In homelessness crisis, HI eyes thatched 'hale' homes

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Source:   —  April 13, 2016, at 10:54 AM

The hales, he said, are also a solution to a crisis of homelessness in Hawaii, which has the highest rate of homelessness per capita in the nation.

In homelessness crisis, HI eyes thatched 'hale' homes

When Daniel Anthony spent the night sleeping in a traditional Hawaiian structure known as a "hale," the sound of rain falling on the thatched roof made him perceive love he was sleeping in the forest.

"This is the sound of aloha," he said, recalling the experience. The hales, he said, are also a solution to a crisis of homelessness in Hawaii, which has the highest rate of homelessness per capita in the nation.

Anthony, lawmakers and community members are pushing to revive the Hawaiian tradition of living in healthy (pronounced hah-lay), thatched homes made from local trees and plants as a way to allow more affordable housing.

Though a bill to ease restrictions on building healthy died after critics brought up safety concerns, advocates are trying to bring attention to a type of housing that celebrates culture and uses environmentally sustainable techniques to house the homeless.

"If we can utilize invasive species, which we're saying is out of control, to construct housing in an area where they declare we're in a housing crisis, how's this not a solution?" Anthony said.

Homes based on indigenous architecture are found from Austin, Texas — where tipi fashion homes are portion of an affordable housing community — to Tahiti, where thatched homes lure honeymooners.

In Hawaii, a revival of healthy building led to dozens of the structures throughout the islands, used for gatherings, canoe storage and teaching about cultural traditions.

Building a healthy can cost from $30.000 for a 180-square-foot structure to $95.000 for 600-square-feet, including work and materials, depending on size and location, according to coarse estimates from Holani Hana, a nonprofit that builds non-residential healthy to promote Hawaiian cultural values.

Anthony believes he could construct a healthy for less — about $1.000 to purchase parachute cord to safe the frame and thatching — using invasive species harvested from nature.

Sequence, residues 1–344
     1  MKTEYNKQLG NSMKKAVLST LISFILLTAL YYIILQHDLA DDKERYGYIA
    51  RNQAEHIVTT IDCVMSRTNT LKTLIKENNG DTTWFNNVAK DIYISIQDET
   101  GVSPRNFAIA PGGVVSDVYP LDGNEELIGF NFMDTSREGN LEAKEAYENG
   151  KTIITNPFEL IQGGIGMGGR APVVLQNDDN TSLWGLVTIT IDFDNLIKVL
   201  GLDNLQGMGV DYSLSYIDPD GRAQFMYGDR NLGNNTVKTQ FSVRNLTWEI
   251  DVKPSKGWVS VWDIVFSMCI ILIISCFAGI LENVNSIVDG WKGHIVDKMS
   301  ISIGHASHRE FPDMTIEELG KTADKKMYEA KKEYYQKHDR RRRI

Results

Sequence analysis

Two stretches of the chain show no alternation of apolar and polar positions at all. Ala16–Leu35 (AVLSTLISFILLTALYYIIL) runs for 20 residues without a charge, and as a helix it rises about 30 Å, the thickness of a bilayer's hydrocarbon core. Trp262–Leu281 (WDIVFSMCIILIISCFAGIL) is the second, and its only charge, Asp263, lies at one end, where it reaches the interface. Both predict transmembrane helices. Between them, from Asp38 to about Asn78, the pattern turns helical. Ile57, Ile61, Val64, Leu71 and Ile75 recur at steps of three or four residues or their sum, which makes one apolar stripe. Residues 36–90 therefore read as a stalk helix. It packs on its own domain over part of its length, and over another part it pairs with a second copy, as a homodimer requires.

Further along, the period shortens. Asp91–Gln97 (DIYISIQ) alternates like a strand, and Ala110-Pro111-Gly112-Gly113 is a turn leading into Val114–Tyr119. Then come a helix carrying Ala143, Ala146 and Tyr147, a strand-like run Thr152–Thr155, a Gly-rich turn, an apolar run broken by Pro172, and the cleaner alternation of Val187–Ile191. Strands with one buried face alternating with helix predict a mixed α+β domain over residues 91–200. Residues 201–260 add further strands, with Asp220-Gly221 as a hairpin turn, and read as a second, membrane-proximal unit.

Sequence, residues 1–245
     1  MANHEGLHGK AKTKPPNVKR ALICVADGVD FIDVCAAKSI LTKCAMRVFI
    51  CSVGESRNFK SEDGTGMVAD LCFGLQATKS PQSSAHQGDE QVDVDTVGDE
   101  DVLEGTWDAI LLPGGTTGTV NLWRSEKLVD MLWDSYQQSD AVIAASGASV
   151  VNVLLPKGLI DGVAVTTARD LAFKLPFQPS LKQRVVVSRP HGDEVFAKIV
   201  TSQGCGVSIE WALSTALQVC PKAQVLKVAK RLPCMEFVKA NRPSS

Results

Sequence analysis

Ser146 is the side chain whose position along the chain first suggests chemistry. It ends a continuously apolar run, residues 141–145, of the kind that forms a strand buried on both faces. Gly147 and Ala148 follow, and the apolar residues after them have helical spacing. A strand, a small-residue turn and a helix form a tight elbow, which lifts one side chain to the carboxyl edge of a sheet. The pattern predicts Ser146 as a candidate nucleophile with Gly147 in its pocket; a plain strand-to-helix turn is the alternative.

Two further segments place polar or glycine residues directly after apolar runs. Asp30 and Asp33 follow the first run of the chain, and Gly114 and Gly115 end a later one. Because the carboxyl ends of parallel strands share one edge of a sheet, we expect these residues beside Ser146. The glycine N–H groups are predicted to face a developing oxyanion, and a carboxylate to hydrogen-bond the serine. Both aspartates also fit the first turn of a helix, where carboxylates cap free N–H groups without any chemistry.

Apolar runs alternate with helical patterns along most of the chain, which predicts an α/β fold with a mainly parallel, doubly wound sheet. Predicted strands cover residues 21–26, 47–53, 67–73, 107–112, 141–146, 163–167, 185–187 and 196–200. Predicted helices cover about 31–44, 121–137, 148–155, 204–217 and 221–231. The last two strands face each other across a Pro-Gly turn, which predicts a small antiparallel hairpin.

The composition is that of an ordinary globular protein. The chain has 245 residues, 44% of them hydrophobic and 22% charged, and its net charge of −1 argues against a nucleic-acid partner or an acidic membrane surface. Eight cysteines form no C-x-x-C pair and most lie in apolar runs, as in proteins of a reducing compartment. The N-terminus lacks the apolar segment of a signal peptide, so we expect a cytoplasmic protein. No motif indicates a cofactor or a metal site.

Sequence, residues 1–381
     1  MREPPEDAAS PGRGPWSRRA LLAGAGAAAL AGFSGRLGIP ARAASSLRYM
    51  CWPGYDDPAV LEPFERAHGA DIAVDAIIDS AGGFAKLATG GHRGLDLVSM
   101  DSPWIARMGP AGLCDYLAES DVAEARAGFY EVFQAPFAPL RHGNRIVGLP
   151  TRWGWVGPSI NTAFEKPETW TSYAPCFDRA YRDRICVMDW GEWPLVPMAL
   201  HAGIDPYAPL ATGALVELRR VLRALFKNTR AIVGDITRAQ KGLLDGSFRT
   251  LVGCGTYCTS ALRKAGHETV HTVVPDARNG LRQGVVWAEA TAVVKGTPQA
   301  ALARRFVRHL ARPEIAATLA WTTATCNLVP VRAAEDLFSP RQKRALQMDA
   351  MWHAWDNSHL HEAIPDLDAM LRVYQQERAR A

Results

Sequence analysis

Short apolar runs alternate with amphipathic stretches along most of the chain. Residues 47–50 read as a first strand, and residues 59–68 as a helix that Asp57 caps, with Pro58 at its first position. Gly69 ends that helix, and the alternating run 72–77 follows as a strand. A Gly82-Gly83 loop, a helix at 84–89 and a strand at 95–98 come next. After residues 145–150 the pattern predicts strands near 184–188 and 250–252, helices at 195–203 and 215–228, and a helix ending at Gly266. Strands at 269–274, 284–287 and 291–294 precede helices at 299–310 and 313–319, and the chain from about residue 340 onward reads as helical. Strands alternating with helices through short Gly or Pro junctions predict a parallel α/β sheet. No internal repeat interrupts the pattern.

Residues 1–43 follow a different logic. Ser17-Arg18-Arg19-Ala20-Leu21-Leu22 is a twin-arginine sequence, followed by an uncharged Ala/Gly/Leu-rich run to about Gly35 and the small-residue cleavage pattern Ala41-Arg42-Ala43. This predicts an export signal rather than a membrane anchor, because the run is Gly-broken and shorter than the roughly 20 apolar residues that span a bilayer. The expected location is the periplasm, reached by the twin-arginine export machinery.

By comparison, the converted shipping containers Honolulu recently deployed to shelter homeless people on Sand Island cost $9.117 per unit for a 72-square-foot room for a couple, or $7.717 for a 49-square-foot room for singles, and each shipping container holds two couple units or three singles units, according to the city. An apt can cost more than $325 per square ft to build, according to the HI Public Housing Authority, or $195.000 for a 600-square-foot apartment.

Maui County was the first to comprise healthy in its building code, giving the structures a sense of parity with western buildings.

Healthy builders collect ironwood, eucalyptus or other trees for the frame and pili grass, sugar cane or ti leaves for the thatched roofs and walls. But while sleeping in healthy is allowed in some HI counties, number cooking, open flames, electricity, extension cords or generators are permitted, and obtaining building a permit can be difficult.

Sen. J. Kalani English, who pushed Maui County to adopt its healthy building code, envisions updating those standards to a modern interpretation of indigenous Hawaiian architecture. He'south stayed in thatched homes in Tahiti and throughout French Polynesia, some with sliding glass windows and air conditioning, he said.

"I've always envisioned a traditional fashion structure — indigenous architecture — with Wi-Fi and internet and TV and wall plugs and all of that stuff plugged into it," English said.

English is hoping to encourage more people in HI to be trained in the art of healthy building, incorporating indigenous architecture traditions from Samoa, Marshall Islands and other Pacific Islands.

Francis Palani Sinenci, a master healthy builder who's constructed more than one hundred sixty non-residential healthy in Hawaii, was hesitant maintain widespread development of the structures to address homelessness.

"I cannot look healthy everywhere, below the bridges," Sinenci said. "One of them catches fire, they're going to ban all hales."

"But I can look that the Hawaiians that are living on the shore because they've been displaced from their property, maybe they should've a space where they could construct a healthy for traditional living," Sinenci added.

English co-sponsored legislation to encourage city and state executive to set aside land for healthy building and to exempt the structures from some planning and zoning requirements, but state agencies and the Honolulu planning dept opposed the bill.

On Oahu'south W side, residents living close a homeless encampment envision helping residents construct a village of traditional hale, including modern technology such as solar panels, said Marcus Paaluhi, a member of the Waianae Coast Neighborhood Board.

The head of the encampment, Twinkle Borge, said she'south excited about the idea of collaborating to construct a healthy as a community gathering space, but she'south unsure about turning the encampment into a hale village.

The encampment is on state land without a lease, and Borge is working on getting nonprofit status to assistance stay on the land.

"Any time that we can discover ways to create it easier and cheaper for people to construct homes, I think it'south worth supporting," said state Sen. Maile Shimabukuro, who represents Waianae and co-sponsored the hale bill.

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